I realize this is a humor article, but... well, okay, I think the questions are asked often enough seriously to warrant answer. I'm NOT a linguist or English major, but this is what I've picked up over a lifetime of using and learning about it as a native speaker:
1. English is a strange hybrid langauage, in that where most languages have a single 'root language'-- like Spanish and French are latin-based-- English is based on both Latin and Germanic roots. This is why sometimes English sentence structure follows German very closely,a nd other times it does not. As for things like now/know/no and such... well, that's the nature of language. It evolves, and in doing so, develops strange rules. English, by its largely hybrid nature and English-speakers' tendencies to 'borrow' words and such, develops a lot of idicyncracies, but you'll find things like this in most languages, I'm told.
2. A semi-colon is used to link two independent phrases together when they're related to each other. It essentially takes the place of a period between two sentences to show that one thought is related to the next. Similarly, it also behaves as a conjunction like 'and' or ', but' with the context of which relationship it implies given within the sentences. A dash(--) can also be used in a semicolon's place-- though a dash can allso be used in place of a comma to form an appositive-- an interjected fragment that gives more explanation of a concept-- just like I'm using here. Colons are quite different; they're used when one phrase cannot stand on its own, or to introduce a list.(Not the semi-colon here-- I could have just as easily said "Colons are quite different. They're used when one phrase cannot stand on its own, or to introduce a list." or "Colons are quite different, because they're used when one phrase cannot stand on its own, or to introduce a list." I chose to use a colon because the relationship is implied and it's my stylistic choice.) The major thing to remember is that with a colon, the second phrase won't stand on its own as a proper sentence. A semi-colon is also sometimes used instead of a comma to delimit a list.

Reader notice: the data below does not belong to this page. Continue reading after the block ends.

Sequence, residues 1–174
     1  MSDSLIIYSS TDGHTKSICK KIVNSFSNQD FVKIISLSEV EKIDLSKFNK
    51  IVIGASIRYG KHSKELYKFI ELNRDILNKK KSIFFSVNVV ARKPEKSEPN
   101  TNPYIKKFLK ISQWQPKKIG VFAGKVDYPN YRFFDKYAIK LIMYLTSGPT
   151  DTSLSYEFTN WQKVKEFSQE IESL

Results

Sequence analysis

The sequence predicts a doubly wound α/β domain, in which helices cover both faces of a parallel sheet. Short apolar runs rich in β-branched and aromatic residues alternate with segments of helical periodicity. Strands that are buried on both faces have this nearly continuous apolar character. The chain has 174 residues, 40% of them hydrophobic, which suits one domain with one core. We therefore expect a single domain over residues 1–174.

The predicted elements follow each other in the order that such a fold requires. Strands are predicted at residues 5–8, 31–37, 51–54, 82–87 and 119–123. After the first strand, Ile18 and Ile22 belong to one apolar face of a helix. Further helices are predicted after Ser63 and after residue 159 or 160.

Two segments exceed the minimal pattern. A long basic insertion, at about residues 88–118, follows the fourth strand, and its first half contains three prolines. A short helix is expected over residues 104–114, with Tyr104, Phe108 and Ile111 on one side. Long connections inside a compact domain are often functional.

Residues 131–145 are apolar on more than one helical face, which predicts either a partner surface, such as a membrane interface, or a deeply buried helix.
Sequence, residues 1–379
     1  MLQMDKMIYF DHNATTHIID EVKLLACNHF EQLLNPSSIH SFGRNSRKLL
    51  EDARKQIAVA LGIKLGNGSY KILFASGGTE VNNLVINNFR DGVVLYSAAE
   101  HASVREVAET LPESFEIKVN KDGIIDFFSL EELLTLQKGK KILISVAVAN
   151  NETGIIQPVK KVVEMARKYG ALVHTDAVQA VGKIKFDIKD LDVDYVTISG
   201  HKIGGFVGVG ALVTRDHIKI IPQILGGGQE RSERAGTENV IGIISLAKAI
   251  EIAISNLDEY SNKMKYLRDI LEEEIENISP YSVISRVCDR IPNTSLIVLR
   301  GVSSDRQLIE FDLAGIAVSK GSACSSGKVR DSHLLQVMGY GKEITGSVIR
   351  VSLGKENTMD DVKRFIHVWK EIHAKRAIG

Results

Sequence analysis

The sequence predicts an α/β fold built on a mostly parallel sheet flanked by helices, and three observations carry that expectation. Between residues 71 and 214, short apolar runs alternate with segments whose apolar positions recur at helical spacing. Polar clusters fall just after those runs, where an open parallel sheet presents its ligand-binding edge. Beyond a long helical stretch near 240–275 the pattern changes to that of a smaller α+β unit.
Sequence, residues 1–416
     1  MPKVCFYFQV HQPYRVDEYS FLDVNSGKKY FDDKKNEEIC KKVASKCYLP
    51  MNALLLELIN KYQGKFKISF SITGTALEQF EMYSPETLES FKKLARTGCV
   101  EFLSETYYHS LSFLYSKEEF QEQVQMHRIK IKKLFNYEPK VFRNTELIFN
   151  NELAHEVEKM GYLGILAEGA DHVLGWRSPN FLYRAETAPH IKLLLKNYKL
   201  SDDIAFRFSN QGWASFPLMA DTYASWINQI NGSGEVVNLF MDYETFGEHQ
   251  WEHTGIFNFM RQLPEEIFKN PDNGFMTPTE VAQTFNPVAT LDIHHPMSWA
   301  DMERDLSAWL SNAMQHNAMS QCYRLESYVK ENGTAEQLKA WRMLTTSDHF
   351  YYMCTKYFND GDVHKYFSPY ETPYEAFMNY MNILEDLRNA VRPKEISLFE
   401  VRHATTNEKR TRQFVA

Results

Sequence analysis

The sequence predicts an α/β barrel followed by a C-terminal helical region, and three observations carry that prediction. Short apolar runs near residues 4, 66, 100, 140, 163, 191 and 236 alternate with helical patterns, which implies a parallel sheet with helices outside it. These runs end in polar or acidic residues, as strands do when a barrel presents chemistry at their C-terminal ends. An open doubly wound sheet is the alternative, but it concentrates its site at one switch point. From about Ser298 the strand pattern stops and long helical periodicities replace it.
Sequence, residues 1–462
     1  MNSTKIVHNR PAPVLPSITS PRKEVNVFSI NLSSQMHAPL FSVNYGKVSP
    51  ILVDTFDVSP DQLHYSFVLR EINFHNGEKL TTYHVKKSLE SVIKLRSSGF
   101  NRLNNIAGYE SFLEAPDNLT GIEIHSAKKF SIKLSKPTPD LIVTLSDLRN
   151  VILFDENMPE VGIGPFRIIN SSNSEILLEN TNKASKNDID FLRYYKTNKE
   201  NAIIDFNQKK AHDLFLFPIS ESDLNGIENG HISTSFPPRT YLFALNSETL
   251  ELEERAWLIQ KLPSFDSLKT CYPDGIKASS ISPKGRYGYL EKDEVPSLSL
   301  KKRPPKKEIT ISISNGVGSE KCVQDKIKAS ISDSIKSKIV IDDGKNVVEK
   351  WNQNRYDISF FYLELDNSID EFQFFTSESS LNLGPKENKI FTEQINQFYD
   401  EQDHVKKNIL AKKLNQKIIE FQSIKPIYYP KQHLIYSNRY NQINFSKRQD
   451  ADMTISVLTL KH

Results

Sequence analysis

3. You captitalize when: it's the start of a sentence, or you have a proper noun. "I need to see the doctor, so I made an appointment with Doctor Smith"... in this case, the first time, I'm using a general noun denoting the general concept of a doctor-- in the second, I'm referencing a specific doctor, and thus I capitalize, because it is being used as a title, part of a proper noun. Sometimes in colloquial writing, you'll see people capitalize in Places That Do Not Seem Appropriate. Sometimes this is being done to put emphasis on particular words by treating them as a proper noun, but it is not correct English per se.
3b. You don't start a sentence with And, But, Because, Which, or a number of other words of the sort because they are conjunctions. They are designed to link an incomplete sentence(fragment) to a complete one. If your sentence is complete on its own, you don't need one. If it isn't, then you need to put a complete sentence on the other side of the conjunction.
4. Whom is the prepositional form of Who, if I recall correctly. "Who owns this dog?" "To whom does this dog belong?" Tha'ts a very contrived example, but it illustrates the point. A better one might be that it's actually incorrect to say "Who does this dog belong to?" as many people do. 'Whom' is the correct form to use in this case.
4b. Contractions are easy, via the following exercise: Say "It is Monday." Now say it faster. Faster. Faster. Eventually it'll sound like "It's Monday". Eventually this colloquialism becomes common, and then becomes proper. I refer you to #1-- languages evolve. Except for dead languages.
I award myself the "Answered a Humor Question Seriously" Nerd Award. Yoiks, and away!